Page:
Disabled veterans have the same rights as other disabled persons to accommodations in housing. If the veteran requests a reasonable accommodation, the landlord must provide it. Reasonable accommodations are those accommodations that can be made without undue financial stress to the landlord, such as requesting elevator access in a building that has service elevators but no elevators for tenants. Disabled veterans also enjoy the same right to safe and healthy housing as other tenants.
Protection Against Eviction
Landlords cannot evict disabled veterans if the only reason for the eviction is a disabling condition. For example, if a veteran requests elevator access because he cannot walk up stairs due to a disabling condition, the landlord cannot evict the veteran to replace him with a tenant who can use the stairs. Landlords may still evict disabled veterans if they do not pay their rent on time or otherwise break the terms of their leases.
Disabled veterans must specifically request accommodations from their landlords. If the landlord does not provide accommodations after the veteran requests them, the veteran may be able to sue the landlord for discrimination against disabled tenants. However, if the veteran does not request the accommodations, the landlord is not responsible for providing them, as the veteran did not notify him of the need for a particular accommodation.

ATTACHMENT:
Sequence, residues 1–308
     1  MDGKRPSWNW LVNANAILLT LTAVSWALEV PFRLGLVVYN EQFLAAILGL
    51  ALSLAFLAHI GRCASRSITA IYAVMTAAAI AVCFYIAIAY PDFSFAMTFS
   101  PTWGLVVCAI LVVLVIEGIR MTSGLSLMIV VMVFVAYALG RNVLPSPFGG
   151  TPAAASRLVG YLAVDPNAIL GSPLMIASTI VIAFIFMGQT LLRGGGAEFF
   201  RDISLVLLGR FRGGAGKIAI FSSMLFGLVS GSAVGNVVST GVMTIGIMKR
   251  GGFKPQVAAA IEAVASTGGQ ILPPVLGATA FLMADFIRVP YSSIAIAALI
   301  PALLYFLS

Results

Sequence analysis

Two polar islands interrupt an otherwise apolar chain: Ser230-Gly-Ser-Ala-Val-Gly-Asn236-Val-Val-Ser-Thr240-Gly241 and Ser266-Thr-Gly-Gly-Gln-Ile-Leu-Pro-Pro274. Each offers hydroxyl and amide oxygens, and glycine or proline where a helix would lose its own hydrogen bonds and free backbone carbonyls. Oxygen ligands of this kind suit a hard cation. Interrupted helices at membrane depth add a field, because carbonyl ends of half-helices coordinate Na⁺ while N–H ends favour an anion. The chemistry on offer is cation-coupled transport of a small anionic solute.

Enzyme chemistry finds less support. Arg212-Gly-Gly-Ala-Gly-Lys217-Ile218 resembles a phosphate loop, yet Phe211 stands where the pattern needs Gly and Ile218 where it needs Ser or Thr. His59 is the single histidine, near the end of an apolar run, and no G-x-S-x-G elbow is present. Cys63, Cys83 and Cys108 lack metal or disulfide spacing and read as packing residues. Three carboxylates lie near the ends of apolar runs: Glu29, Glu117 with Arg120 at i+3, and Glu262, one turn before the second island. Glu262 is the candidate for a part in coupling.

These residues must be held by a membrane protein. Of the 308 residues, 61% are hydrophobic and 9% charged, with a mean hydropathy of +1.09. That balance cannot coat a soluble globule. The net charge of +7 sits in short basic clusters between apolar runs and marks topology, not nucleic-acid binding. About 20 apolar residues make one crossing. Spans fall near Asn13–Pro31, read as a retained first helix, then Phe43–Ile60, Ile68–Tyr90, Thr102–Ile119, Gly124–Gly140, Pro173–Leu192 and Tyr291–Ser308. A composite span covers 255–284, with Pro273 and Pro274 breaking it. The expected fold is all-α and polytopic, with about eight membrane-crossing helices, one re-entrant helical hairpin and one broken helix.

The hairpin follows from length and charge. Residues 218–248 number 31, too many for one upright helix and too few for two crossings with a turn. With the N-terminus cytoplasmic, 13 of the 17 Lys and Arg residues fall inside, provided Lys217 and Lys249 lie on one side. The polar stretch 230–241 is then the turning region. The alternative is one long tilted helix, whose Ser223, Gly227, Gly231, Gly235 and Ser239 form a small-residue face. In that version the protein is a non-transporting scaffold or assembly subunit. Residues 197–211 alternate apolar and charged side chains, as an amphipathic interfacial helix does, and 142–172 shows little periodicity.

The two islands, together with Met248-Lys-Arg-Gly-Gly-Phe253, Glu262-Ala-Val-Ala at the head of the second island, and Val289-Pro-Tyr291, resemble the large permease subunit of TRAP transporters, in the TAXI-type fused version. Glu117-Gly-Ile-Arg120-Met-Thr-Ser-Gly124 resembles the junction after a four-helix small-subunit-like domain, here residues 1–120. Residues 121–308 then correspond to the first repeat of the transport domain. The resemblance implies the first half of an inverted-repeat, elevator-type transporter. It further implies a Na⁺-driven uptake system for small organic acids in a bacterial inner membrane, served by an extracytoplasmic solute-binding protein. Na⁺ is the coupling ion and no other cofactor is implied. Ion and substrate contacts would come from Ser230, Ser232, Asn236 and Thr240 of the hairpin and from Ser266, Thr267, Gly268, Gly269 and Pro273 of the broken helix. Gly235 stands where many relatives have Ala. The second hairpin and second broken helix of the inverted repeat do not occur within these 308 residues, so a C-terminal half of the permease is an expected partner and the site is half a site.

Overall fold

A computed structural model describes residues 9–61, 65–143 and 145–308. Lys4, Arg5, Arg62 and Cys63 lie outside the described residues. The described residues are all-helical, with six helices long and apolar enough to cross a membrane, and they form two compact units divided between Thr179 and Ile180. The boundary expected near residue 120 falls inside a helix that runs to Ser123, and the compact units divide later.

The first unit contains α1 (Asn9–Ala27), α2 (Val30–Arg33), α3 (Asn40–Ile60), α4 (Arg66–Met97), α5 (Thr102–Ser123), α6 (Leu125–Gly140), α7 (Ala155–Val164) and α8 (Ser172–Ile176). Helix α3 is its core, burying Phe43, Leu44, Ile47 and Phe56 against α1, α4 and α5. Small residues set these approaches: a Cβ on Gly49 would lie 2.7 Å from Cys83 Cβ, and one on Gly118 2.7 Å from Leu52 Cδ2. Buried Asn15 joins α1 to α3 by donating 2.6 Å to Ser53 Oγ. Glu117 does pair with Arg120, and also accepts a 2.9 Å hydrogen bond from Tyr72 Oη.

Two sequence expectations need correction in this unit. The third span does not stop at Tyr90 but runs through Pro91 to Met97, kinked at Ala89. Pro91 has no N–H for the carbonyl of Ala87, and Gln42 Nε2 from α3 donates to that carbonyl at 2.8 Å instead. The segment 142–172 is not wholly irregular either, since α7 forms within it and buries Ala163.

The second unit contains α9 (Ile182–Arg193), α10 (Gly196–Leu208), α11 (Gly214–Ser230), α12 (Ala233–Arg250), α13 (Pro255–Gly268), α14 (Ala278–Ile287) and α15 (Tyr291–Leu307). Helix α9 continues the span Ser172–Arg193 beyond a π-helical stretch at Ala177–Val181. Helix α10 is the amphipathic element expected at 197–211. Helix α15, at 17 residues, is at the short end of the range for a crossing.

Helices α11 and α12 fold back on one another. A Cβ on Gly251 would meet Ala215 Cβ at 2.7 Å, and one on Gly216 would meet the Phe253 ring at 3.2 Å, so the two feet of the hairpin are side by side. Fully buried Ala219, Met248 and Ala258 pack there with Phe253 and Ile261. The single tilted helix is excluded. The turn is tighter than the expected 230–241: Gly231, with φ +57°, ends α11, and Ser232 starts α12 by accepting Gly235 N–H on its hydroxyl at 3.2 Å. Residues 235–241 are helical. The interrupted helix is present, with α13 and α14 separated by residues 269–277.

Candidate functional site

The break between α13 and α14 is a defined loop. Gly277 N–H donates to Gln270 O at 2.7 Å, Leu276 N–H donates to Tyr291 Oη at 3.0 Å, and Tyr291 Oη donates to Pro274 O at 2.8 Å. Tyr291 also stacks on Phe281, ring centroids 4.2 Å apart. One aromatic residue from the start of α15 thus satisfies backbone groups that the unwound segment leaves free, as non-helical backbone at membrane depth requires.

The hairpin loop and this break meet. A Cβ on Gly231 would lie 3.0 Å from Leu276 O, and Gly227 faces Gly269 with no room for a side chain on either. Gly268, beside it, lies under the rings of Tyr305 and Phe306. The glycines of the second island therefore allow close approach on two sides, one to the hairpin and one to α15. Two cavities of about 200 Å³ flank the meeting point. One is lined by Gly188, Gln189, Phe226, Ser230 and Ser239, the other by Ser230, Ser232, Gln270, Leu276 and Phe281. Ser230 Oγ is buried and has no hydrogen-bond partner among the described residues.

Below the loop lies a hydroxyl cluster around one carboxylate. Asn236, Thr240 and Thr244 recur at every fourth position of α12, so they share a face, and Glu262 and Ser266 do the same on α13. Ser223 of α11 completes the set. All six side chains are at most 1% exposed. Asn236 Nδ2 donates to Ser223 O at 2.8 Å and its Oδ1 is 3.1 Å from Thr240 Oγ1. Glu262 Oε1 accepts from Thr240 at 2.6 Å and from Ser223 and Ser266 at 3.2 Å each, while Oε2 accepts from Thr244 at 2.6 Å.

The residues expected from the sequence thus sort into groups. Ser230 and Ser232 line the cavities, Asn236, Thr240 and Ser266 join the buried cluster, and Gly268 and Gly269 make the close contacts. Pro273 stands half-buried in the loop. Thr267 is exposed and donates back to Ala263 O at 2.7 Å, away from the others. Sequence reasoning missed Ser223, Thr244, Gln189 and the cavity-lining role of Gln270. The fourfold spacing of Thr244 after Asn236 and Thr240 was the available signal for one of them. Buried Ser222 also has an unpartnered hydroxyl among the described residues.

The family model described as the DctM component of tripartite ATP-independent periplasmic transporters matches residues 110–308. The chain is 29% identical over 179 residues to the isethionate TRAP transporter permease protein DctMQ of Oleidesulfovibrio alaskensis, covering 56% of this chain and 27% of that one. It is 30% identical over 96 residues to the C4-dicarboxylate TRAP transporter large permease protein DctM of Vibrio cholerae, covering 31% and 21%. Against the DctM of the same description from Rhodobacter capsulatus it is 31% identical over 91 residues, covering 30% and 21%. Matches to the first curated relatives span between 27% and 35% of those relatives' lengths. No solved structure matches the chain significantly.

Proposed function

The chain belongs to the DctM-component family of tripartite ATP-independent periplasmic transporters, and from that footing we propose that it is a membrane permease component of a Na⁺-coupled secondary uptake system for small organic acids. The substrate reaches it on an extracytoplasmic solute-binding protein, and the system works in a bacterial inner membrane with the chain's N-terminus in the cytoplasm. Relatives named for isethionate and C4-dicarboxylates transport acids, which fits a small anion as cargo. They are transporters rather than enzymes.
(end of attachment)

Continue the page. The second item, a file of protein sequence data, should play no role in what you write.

Right to Repairs
In addition to accommodations for disability, disabled veterans have the same rights to repairs as other tenants if something in the rental unit breaks. The tenant must contact the landlord to request repairs if an appliance ceases to function properly. If the landlord does not make the appropriate repairs, the tenant has the right to withhold rent until the repair is completed. Inform the landlord in writing of why you are withholding rent.
If a disabled veteran believes a landlord has violated his rights, he should contact an attorney. Every veteran has the right to apply for free or low-cost attorneys through legal aid in his home state if he is unable to afford a private attorney. An attorney can tell you whether your landlord violated your rights and advise you as to the best course of action to take in your specific situation.